The Hino brand is a part of the Toyota company and was launched in 2008. The brand has managed to build a pretty solid image in the trucking industry, thanks to its sturdy and reliable vehicles that share the same quality standards with Toyota’s cars.
At the moment the brand’s lineup consists of two trucks which cover a wide range of GVWs (gross vehicle weights) from class five to class seven models.
The conventional cab model is available as a class 6 and 7 truck with gross vehicle weights ranging from 23.000 to 33.000 lbs. The class 6 versions are equipped with a 220 hp engine, while the class 7 trucks come with 260 hp on tap.
Hino’s conventional cab has a pretty distinctive design, looking like a strange merge between the Asian and American styles. Since 2008, the overall design didn’t changed too much and except for a few insignificant teaks it kept its initial lines.
The long nose is dominated by a massive radiator grille traversed by a few horizontal bars. To help its truck stand out from the crowd, Hino offers a shiny chromed treatment for the entire grille. The metallic front bumper comes with a chromed finish as well and has a solid construction, being able to resist to various impacts without breaking down.
The Hino conventional cab comes with a set of oversized front fenders which gel well with the rest of the cab and enhance the utilitarian look of the vehicle. The main headlights are pretty sharp, but they look a bit out of place and fail to integrate nicely into the overall design.
The vehicle is also fitted with vertical panoramic windscreen which gives the vehicle a robust appearance and wide lateral door for proper outward visibility.
As it was expected, the cab is fairly spacious and there is enough leg and head room to make you feel like home. The dashboard’s design is on the basic side of things and it’s fitted with big controls that are fairly easy to use even with gloves on.
All plastics are rock hard, so they will deal well with harsh working conditions. The build quality is average, without being something to rave about.
Instruments are arranged in an intuitive way and they are big and easy to read during both night and day. The steering wheel however, looks dated and it’s a bit too thin to offer a confident grab. At least it’s offered with tilt and telescopic adjustments, so finding a proper driving position shouldn’t be hard.
Up front there is room for up to three adults. The driver air ride seat is basic and offers poor side bolstering, while the back and lumbar support could’ve been better as well. Though, there is offered a convenient armrest and there are also plenty adjustments to help you find a satisfactory position. You also sit pretty upright and high, which gives you a great road visibility.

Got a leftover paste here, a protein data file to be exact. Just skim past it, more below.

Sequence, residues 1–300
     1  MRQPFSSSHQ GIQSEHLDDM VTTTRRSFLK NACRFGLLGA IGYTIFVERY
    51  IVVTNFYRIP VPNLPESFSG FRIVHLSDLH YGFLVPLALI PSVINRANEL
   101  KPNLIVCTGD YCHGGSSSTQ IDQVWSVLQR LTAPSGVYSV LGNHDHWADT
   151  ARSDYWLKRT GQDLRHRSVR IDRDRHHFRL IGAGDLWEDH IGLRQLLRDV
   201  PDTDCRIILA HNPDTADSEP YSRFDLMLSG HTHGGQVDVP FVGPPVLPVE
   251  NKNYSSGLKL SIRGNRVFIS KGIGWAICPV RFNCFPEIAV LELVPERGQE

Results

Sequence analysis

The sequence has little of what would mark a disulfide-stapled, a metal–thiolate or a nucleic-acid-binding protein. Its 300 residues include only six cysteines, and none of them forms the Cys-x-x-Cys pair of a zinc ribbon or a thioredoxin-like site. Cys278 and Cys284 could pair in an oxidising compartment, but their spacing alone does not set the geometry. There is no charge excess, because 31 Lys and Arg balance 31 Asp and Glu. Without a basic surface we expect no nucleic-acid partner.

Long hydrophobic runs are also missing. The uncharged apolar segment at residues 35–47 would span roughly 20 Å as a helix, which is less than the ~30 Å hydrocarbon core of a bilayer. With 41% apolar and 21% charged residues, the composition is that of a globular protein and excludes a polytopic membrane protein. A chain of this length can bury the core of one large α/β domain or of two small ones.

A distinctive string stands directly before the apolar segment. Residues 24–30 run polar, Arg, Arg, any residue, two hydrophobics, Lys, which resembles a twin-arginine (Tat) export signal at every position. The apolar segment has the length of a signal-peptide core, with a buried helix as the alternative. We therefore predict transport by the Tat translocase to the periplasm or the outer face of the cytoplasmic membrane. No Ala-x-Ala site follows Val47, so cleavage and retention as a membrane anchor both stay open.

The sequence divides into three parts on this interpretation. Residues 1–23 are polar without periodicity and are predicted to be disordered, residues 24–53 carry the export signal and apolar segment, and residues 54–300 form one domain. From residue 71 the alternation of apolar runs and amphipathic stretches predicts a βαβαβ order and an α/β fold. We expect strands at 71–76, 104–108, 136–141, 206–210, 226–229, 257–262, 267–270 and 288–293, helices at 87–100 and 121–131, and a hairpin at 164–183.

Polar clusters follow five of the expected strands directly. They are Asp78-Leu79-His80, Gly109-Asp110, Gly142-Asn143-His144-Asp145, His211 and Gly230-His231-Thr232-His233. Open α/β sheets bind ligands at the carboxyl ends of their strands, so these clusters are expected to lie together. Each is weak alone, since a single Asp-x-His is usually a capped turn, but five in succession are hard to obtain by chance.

The steel cab is fully galvanized for extra rigidity and comes with a pretty good sound isolation keeping your ears far from road or engine noises.
Standard equipment includes air conditioning, CD player, tilt and telescoping steering column and cruise control. The trucks are also offered with the INSIGHT system which is a web-based location and telematics solution suited to help fleet managers. It also keeps the driver informed with various reports to help him drive more efficient and safely.
Engines and performance
Hino’s trucks are equipped with high pressure common rail fuel injection engines with variable geometry turbochargers. The VNT turbochargers optimize airflow by changing the turbocharger’s output based on control input from the engine’s electronic control unit, thus improving the fuel efficiency. Hino also uses Selective Catalytic Reduction (SCR) technology. Thanks to this system the engines meet the EPA 2010 emission standards and offer better fuel efficiency.
The class 6 Hino trucks are powered by a 220HP / 520 lb-ft engine, while the class 7 units develop 260 hp/660 lb-ft of torque. Both engines are fairly responsive and deal well with big loads, without feeling overly strained at high speeds.
All trucks are equipped with tried and tested Allison transmissions which are a perfect match for the utilitarian needs of the vehicles, offering a good balance between efficiency and performance.
Hino Conventional Cab Engines Specifications
| Vehicle weight class || hp @ rpm || lb-ft @ rpm |
| Class 6 || 220 @ 2500 || 520 @ 1500 |
| Class 7 || 260 @ 2500 || 660 @ 1500 |
Ride and handling
The vehicles are fitted with front taper leaf spring shock absorbers and rear semi elliptical leaf springs. The ride quality isn’t exactly stellar, as we are talking about a utilitarian vehicle. Though, Hino’s trucks can absorb most of the road potholes without hurting your back.
The overall handling is at par with what you’ll usually find in this segment, with big body leans into corners. Luckily you won’t have any complains about the steering as it gives you decent road feedback and feels great at both high and low speeds, permitting you to deal well with tight working conditions.
The Hino Conventional cab truck is a fairly good product. It’s true that the cab isn’t as refined as other vehicles in this class and comfort isn’t exactly first class either. On the other hand, you have plenty of space and the ergonomy is satisfactory. The engines are up to the task and are also pretty efficient, but the ride and handling are average. In the end, the strongest advantages offered by Hino’s truck are the bullet proof reliability and the solid build quality.